Two things I really missed in this room. First, all of the electrical outlets were either in use or difficult to get to. I ended up using the odd bathroom outlet to charge my phone and laptop. One of the other bloggers in my group suggested bringing a power strip when staying at older hotels. Secondly, no coffee machine. This wouldn’t be much of a problem for some rooms as there is a coffee station in the lobby, except my room was a long walk from the lobby and it wouldn’t have been worth the time. The website says mini fridges are available upon request, but frankly I don’t think you could cram one into the queen room let alone plug it in.
Due to the lack of electrical outlets, surface space, and dim lighting, I spent my evenings at the lounge. It was much more relaxing there and I had some good conversation with the bartender. If I stayed at the Lafayette again, I would definitely choose a larger parlor room.
Hotel Dining and Lounge
The Gun Room. Charming steamboat themed restaurant with nautical artifacts, plus connection of long rifles from 1700 and 1800s. They serve breakfast and dinner during limited hours and only brunch on Sundays. Good mix of American standards on the menu and reasonably priced for a slightly formal type restaurant, $15 to $20 dinners. I didn’t see a kids menu and the regular menu wouldn’t really appeal to the younger crowd. Service during the one breakfast we ate there was good.
The Riverview Lounge was more appealing to me. Open typically from 11am to 11pm-ish. The lounge features a bar and several tables for gathering with friends or to spread out and get some work done. The menu includes fish & chips, the classic Kentucky Hot Brown and other sandwiches, plus a few other items. Prices are reasonable and food was good. The bar had a decent selection of beers on tap. The bartender was great. He kept up with the patrons at the bar and tables, plus carried on a good conversation.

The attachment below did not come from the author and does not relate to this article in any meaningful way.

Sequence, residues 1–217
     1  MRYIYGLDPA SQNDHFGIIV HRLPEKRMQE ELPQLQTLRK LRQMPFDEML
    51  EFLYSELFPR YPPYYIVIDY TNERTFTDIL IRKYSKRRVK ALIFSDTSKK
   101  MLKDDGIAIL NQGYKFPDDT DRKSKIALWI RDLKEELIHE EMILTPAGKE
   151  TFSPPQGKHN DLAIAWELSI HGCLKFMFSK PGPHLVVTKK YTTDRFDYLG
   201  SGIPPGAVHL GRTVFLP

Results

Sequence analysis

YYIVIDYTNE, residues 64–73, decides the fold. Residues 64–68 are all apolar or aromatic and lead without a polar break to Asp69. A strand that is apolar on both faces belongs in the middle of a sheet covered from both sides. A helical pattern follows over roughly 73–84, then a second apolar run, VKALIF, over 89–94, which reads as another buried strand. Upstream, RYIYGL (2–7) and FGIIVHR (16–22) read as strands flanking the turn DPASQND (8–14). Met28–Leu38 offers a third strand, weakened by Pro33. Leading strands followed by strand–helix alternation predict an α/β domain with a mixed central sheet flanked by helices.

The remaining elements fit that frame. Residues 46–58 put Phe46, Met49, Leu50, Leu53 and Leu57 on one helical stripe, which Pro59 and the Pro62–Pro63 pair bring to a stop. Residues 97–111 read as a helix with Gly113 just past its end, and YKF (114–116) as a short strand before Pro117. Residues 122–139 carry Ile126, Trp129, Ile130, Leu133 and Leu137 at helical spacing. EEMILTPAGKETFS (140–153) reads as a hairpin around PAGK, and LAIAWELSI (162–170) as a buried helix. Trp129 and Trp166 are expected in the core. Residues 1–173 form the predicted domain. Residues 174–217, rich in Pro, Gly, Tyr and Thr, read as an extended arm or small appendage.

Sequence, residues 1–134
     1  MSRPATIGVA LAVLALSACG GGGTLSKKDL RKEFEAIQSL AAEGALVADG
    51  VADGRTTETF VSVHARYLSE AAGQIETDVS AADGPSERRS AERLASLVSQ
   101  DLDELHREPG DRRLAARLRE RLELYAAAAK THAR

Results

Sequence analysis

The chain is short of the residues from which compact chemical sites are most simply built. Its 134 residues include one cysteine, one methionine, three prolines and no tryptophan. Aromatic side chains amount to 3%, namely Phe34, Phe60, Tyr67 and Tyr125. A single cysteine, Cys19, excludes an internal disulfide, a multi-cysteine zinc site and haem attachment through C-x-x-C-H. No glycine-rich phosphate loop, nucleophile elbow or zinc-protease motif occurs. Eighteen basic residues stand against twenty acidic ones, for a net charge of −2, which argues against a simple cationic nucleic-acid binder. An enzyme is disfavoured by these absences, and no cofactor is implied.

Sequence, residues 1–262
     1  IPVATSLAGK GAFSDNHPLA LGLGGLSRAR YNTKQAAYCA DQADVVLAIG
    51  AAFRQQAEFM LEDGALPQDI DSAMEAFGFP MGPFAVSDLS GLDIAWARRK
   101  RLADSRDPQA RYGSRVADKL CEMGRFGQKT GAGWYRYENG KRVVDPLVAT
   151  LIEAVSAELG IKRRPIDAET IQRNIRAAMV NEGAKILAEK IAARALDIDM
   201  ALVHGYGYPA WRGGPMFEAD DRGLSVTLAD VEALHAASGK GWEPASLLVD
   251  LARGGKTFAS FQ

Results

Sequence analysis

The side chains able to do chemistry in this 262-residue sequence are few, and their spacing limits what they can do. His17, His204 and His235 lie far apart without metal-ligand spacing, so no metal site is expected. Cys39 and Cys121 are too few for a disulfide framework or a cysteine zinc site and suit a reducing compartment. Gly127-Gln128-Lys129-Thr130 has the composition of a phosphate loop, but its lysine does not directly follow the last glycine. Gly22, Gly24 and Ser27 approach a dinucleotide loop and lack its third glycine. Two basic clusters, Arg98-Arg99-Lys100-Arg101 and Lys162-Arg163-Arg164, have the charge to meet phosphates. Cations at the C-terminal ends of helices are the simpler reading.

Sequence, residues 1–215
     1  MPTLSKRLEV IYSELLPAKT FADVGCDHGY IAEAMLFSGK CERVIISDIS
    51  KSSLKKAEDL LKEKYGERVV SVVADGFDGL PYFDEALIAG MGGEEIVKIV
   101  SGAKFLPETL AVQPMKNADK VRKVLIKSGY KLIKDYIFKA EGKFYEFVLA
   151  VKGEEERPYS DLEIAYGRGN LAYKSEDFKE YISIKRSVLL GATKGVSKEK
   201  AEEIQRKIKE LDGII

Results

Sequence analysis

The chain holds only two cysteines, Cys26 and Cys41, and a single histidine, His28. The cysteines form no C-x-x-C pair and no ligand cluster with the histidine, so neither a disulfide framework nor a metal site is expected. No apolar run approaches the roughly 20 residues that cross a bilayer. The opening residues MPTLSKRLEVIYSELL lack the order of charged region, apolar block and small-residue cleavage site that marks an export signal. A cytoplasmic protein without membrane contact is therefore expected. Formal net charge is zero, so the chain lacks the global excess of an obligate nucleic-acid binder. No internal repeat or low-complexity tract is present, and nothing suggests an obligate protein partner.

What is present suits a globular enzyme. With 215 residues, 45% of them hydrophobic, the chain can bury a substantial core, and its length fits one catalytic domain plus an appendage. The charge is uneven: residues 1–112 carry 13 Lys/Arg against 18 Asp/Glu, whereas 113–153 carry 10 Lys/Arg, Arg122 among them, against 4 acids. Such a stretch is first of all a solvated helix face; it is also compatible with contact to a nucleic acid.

There is a good variety of local restaurants downtown plus a coffee shop just down the block for more options.
Hotel Staff and Maintenance
Staff was friendly, but hard to find at the front desk. I didn’t have a chance to really interact with them since we were on a press trip. I usually like to inquire about local restaurants and activities to gauge their familiarity with the area.
The building seemed well maintained. Of course, being a century old, guests need to expect the pervasive musty smell and some creaking floors here and there. There really isn’t much room for landscaping due to the downtown street location, but the outside and parking lot were in good condition.
The hotel is definitely a winner for people looking for Victorian charm and the stern wheeler/steamship aesthetic. The prime location on the river front and heart of downtown Marietta is perfect for spending time on your feet instead of having to drive everywhere, which is something I really enjoy on vacations. The Lafayette is the perfect place to stay in town for the annual stern wheeler festival. I would not recommend the Lafayette for families. There is not a lot of space in many of the rooms and no kid-friendly activities or dining options.
For more information and pricing for the Lafayette Hotel, visit their website.
For more pictures watch my video on Youtube